CEDAR RAPIDS — The flood protection system for the east side of the Cedar River in downtown Cedar Rapids would be completed within five years, per terms of a project partnership agreement signed Tuesday between city officials and the Army Corps of Engineers.
Tuesday’s agreement allows federal dollars to begin flowing, said Col. Steven Sattinger, commander of the Rock Island District of the Army Corps. Congress approved $117.48 million for the federal project in July, of which the city would be responsible for 35 percent.
“It allows us to start putting construction projects out there for bid,” Sattinger said. “It allows the project to get started.”
The Army Corps plans to manage the construction as nine separate contracts, he said. First up, he said, will be some out-of-view work: installing remaining pumps in a previously installed pump station in parking lot 44 in the NewBo district and completing gatewells to control backups in the underground sewer system.
The first big project will be installing a levee segment near the African-American Museum of Iowa, which could get started in late 2019, Sattinger said.
“We have five years, and the clock is already started,” he said. “We are going to be done on time. That is our commitment to you.”
Cedar Rapids Mayor Brad Hart, who also signed the agreement, called it a “historic moment for us.”
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“We have five years to spend that money and get working,” Hart said. “We are already working and we will continue working to protect our city.”
The full east side project is estimated to cost $245 million, which is only partially covered by the federal funds.
The Sinclair levee and pump station and the lot 44 pump station are completed, and a flood wall around Quaker Oats is under construction. This leaves $180 million worth of work remaining on the east side.
Rob Davis, Cedar Rapids flood control manager, said some costs not covered under the federal project include raising the height of levees and walls by 3 to 4 feet to account for higher water elevation caused by the west side flood system. Also not covered is $15 million to extend a flood wall around Cedar Lake and larger pump stations to account for heavy rains during a flood event.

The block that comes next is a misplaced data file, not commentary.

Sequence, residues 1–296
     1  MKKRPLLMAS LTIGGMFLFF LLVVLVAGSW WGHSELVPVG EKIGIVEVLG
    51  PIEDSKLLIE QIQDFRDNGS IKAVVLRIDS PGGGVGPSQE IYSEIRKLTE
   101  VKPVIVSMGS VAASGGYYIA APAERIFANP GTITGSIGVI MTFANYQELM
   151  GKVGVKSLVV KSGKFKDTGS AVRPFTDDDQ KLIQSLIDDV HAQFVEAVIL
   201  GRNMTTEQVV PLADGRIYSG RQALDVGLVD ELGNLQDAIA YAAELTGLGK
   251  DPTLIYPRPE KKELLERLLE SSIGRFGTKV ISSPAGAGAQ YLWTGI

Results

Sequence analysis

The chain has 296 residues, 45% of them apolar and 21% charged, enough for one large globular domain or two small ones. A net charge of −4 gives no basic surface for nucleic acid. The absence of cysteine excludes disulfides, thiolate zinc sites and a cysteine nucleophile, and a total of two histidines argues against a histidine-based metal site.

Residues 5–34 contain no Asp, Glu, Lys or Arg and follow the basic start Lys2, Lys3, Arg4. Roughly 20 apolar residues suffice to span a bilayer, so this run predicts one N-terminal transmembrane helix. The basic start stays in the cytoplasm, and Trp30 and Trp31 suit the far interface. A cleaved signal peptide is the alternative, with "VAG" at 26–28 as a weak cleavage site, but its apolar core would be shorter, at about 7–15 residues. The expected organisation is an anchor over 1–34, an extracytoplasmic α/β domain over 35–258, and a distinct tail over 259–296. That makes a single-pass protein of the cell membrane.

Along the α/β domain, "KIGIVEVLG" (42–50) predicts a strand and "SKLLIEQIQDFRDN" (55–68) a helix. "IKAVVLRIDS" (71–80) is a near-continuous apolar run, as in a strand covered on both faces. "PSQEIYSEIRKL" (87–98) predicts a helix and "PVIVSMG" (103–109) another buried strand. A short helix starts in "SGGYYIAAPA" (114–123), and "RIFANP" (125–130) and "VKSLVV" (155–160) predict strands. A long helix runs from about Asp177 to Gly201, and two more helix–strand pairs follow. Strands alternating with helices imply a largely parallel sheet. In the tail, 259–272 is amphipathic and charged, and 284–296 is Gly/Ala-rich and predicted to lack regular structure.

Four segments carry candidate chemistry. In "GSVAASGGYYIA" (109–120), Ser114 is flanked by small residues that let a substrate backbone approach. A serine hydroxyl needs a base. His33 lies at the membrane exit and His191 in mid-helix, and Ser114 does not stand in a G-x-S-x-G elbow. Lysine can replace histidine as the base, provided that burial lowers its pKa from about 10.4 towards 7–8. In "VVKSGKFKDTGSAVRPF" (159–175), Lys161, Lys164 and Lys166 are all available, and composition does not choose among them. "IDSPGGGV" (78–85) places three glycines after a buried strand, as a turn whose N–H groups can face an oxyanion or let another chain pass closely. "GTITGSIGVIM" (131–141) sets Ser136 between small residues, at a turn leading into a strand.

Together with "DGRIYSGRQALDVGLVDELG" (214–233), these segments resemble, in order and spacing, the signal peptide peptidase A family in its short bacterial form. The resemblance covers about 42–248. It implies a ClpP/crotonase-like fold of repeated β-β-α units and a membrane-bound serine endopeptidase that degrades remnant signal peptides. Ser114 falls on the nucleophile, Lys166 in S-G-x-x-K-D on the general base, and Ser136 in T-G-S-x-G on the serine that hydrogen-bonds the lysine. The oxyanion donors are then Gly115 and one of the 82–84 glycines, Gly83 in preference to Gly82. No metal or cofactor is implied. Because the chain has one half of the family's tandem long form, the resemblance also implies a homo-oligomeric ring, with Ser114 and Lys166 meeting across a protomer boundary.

West side project
Work will continue on the west side system, which remains a priority, Davis said. The west side project is also estimated to cost $245 million not including inflation. Replacing the Eighth Avenue bridge as part of the flood system is budgeted at $60 million, totaling $550 million for the full system or $750 million over 20 years.
The City Council approved a $4.7 million contract with Reinbeck-based Peterson Contractors Inc. for the Czech Village Levee and Gatewells project from 16th Avenue to Bowling Street SW to offer a measure of protection on the west side. The McGrath Ampitheater also doubles as a levee on the west side.
The master plan calls to complete the west side system in the early 2030s, but it could be done sooner, Davis said.
“The quicker we can get this done, the lower the cost overall,” Davis said. “It may allow for acceleration of the west side.”
Tuesday’s agreement provides additional clarity on the funding breakdown.
Several of Iowa’s elected officials including Gov. Kim Reynolds, Sen. Joni Ernst and Rep. Rod Blum announced Cedar Rapids would receive $117 million in federal aid, but in reality, the federal contribution is projected at $76.36 million, or 65 percent, of the authorized project.
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Cedar Rapids is expected to match $41.12 million, although the city’s share can include “work-in-kind,” such as previously completed flood control segments or right-of-way acquisition. At minimum, Cedar Rapids would need to provide a 5 percent cash contribution, or $5.9 million.
The Army Corps is authorized to spend the full $117.48 million up front, in which case the city would have to payback what is owed over 30 years. Davis said the city still is studying what would be the most cost-effective approach.
The City Council previously announced a 10-year, $264 million bonding program to cover most of the city’s share of the east and west sides of flood protection. Citizens could see taxes raised by 22 cents per year for 10 years to pay off the bonds.
The 2008 flood caused an estimated $5.4 billion in damage and loss in the city, and the 2016 and 2018 floods cost $10 million and nearly $1 million, respectively, to install temporary measures to avert disaster. Some of the permanent protection measures already in place are paying dividends, most noticeably in alleviating the burden of protecting the NewBo District when floods threatened this fall, City Manager Jeff Pomeranz said.
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